Bryant Bailey

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Bryant William Bailey​

Sheriff of Winn Parish, Louisiana​
In office
June 24, 1908​ – 1912 ​

Born July 29, 1868​
Winn Parish, Louisiana, USA
Died February 3, 1961 (aged 92)
Resting place Winnfield City Cemetery ​
Political party Democrat-turned-Populist-returned-Democrat​
Spouse(s) Penelope Dickerson Bailey​
Children Apparently none​

Berrien F. and Lucy Ann Teagle Baile

Residence Winnfield, Louisiana​
Occupation Businessman; Banker

Oilman; Journalist

Religion Methodist

Bryant William Bailey (July 29, 1868 – February 3, 1961)[1][2] was a Louisiana businessman, politician, and journalist who became a leading figure during the 1890s in the short-lived Populist Party.


Bailey was born and briefly educated in Winn Parish to Berrien F. and Lucy Ann Teagle Bailey, immigrants from Cuthbert, Georgia. In October 1890, he moved from his family property to the seat of government in Winnfield to become the manager of a branch store of the local Farmers Union Cooperative Association. By 1894, he was owner of the Bailey Hotel in Winnfield. In 1902, Bailey drilled the first oil well in Winn Parish,[3] a year after the first such structure had been undertaken in the state in 1901 near Jennings in Jeff Davis Parish in southwestern Louisiana.[4]

Populist Party

Prior to 1890, like most Louisiana voters at that time, Bailey was a Democrat. Thereafter, he joined the Populist Party, which claimed to represent the "common man" against the entrenched "interests." Soon Bailey emerged as a regional leader of the Populists. The party's Louisiana branch was organized on October 2, 1891, at a convention of delegates from seventeen parishes held in Alexandria in Rapides Parish in central Louisiana. In addition to Bailey, another leading Populist at the founding convention was Hardy L. Brian, a native of Grant Parish, then residing in Winnfield.[5]

The national Populists offered their first presidential nominee in 1892, General James Baird Weaver (1833-1912) of Iowa, who won four states, mostly in the American West. From 1893 to 1907,[3] Bailey edited his Winnfield Comrade newspaper in Winn Parish, the ancestral home of the Democratic Long political faction.[6][7] Longism was considered an outgrowth of the early Populist movement; indeed some viewed Huey Pierce Long, Jr., as a "radical populist."[8]

In both 1894 and 1896, when the Populists endorsed the Democratic nominee, William Jennings Bryan of Nebraska, for U.S. President, Bailey was an unsuccessful candidate for the United States House of Representatives on the Populist ticket. In 1898, Bailey was the only Populist delegate to the Louisiana State Constitutional Convention held that year in the capital city of Baton Rouge. He refused to sign the final document, which after ratification remained in effect until 1921.[6] This Constitution contained the grandfather clause allowing whites whose fathers or grandfathers were registered to vote as of January 1, 1867, to be exempt from the literacy test otherwise given to potential African American voters.[3] The grandfather clause, which spread to other states including Oklahoma, was subsequently struck down in 1915 in the case Guinn v. United States as a violation of the Fifteenth Amendment.[9]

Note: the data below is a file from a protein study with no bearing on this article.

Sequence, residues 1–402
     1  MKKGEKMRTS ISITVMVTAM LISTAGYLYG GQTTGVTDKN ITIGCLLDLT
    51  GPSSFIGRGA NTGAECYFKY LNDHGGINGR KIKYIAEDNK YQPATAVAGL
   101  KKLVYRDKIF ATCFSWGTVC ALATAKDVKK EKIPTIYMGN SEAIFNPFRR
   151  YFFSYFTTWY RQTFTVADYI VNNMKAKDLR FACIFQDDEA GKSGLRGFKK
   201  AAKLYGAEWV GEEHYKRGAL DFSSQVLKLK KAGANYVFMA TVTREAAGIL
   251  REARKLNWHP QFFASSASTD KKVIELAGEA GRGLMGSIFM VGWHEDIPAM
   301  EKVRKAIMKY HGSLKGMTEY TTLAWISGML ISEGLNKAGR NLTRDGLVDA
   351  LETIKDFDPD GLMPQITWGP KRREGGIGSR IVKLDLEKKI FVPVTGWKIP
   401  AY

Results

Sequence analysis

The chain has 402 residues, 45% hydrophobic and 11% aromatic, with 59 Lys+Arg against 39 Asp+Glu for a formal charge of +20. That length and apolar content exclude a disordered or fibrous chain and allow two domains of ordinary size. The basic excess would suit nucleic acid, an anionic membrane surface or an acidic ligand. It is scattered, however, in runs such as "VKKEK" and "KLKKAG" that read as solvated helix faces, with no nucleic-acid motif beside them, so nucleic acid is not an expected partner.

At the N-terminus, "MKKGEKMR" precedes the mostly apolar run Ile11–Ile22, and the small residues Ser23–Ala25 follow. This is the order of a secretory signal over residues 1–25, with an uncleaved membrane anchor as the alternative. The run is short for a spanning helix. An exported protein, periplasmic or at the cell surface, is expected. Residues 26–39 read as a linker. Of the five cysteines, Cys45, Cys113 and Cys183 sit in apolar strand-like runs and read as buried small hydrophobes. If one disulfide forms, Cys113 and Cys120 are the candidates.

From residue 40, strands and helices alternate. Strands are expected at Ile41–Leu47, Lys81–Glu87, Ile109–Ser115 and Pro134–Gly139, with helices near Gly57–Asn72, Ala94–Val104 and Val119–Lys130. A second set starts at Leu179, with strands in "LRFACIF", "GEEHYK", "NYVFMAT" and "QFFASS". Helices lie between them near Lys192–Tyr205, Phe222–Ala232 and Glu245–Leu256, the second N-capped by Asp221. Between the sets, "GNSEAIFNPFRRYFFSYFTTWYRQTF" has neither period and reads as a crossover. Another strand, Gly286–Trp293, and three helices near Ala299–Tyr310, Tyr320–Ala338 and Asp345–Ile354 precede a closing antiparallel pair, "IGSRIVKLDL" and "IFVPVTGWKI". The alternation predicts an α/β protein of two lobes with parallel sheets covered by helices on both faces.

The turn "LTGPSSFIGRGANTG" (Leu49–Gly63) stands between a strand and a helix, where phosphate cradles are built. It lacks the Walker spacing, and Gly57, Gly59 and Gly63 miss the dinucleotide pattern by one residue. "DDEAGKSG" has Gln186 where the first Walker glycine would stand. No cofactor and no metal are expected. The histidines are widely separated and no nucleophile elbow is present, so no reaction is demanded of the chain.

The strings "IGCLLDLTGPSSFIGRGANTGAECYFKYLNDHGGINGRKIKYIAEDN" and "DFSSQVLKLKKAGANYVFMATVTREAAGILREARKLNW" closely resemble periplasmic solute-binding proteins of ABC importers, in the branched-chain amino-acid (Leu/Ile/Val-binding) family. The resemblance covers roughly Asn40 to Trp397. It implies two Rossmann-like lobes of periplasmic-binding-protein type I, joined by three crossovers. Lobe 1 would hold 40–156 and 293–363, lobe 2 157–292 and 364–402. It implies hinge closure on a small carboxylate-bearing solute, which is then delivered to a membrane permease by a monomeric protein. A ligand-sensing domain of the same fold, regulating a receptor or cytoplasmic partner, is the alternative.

Winnfield civic leader

By 1904, the Populist Party had disbanded. In 1908, Bailey was elected to a single term as a Democrat to the office of Winn Parish sheriff. In 1913, after his tenure as sheriff, Bailey began a 20-year stint as vice president and then president[3] of the Bank of Winnfield.[6] He worked to establish the Northwest Louisiana Game and Fish Preserve. He obtained state legislative funds to build a dam on Saline Lake near the boundary of Winn and Natchitoches parishes. Bailey worked for improved roads and was partly instrumental in securing the wide city streets of Winnfield. He was influential in removing livestock from municipal streets.[3]

Bailey was a member of the Methodist Church and the Masonic lodge. He and his wife, the former Penelope Dickerson (1872-1961), are interred at the Winnfield City Cemetery. Mrs. Bailey died only twenty-two days after the passing of her husband. There is no indication of any children.[1]


  1. 1.0 1.1 Winnfield (Louisiana) City Cemetery records.
  2. A Dictionary of Louisiana Biography, published by the Louisiana Historical Association, lists Bailey's lifespan as 1866 – February 5, 1962.
  3. 3.0 3.1 3.2 3.3 3.4 Zachariah and Bryant Bailey. Retrieved on January 9, 2020.
  4. Bailey, Bryant. Louisiana Historical Association: A Dictionary of Louisiana Biography. Retrieved on January 9, 2020.
  5. Joel Sipress. A Narrowing of Vision: Hardy L. Brian and the Fate of Louisiana Populism. Retrieved on February 4, 2011; material no longer accessible.
  6. 6.0 6.1 6.2 Bailey, Bryant W.. Louisiana Historical Association: A Dictionary of Louisiana Biography. Retrieved on January 9, 2020.
  7. A Dictionary of Louisiana Biography in its sketch of Bailey uses Elizabeth Daniel, "The Louisiana People's Party," Louisiana Historical Quarterly, XXVI (1943), and William Ivy Hair, Bourbonism and Agrarian Protest: Louisiana Politics, 1877-1900 (1969).
  8. History: Huey Long: Every Man a King. Retrieved on January 9, 2020.
  9. Guinn v. United States. (1915). Retrieved on February 4, 2011; material no longer accessible.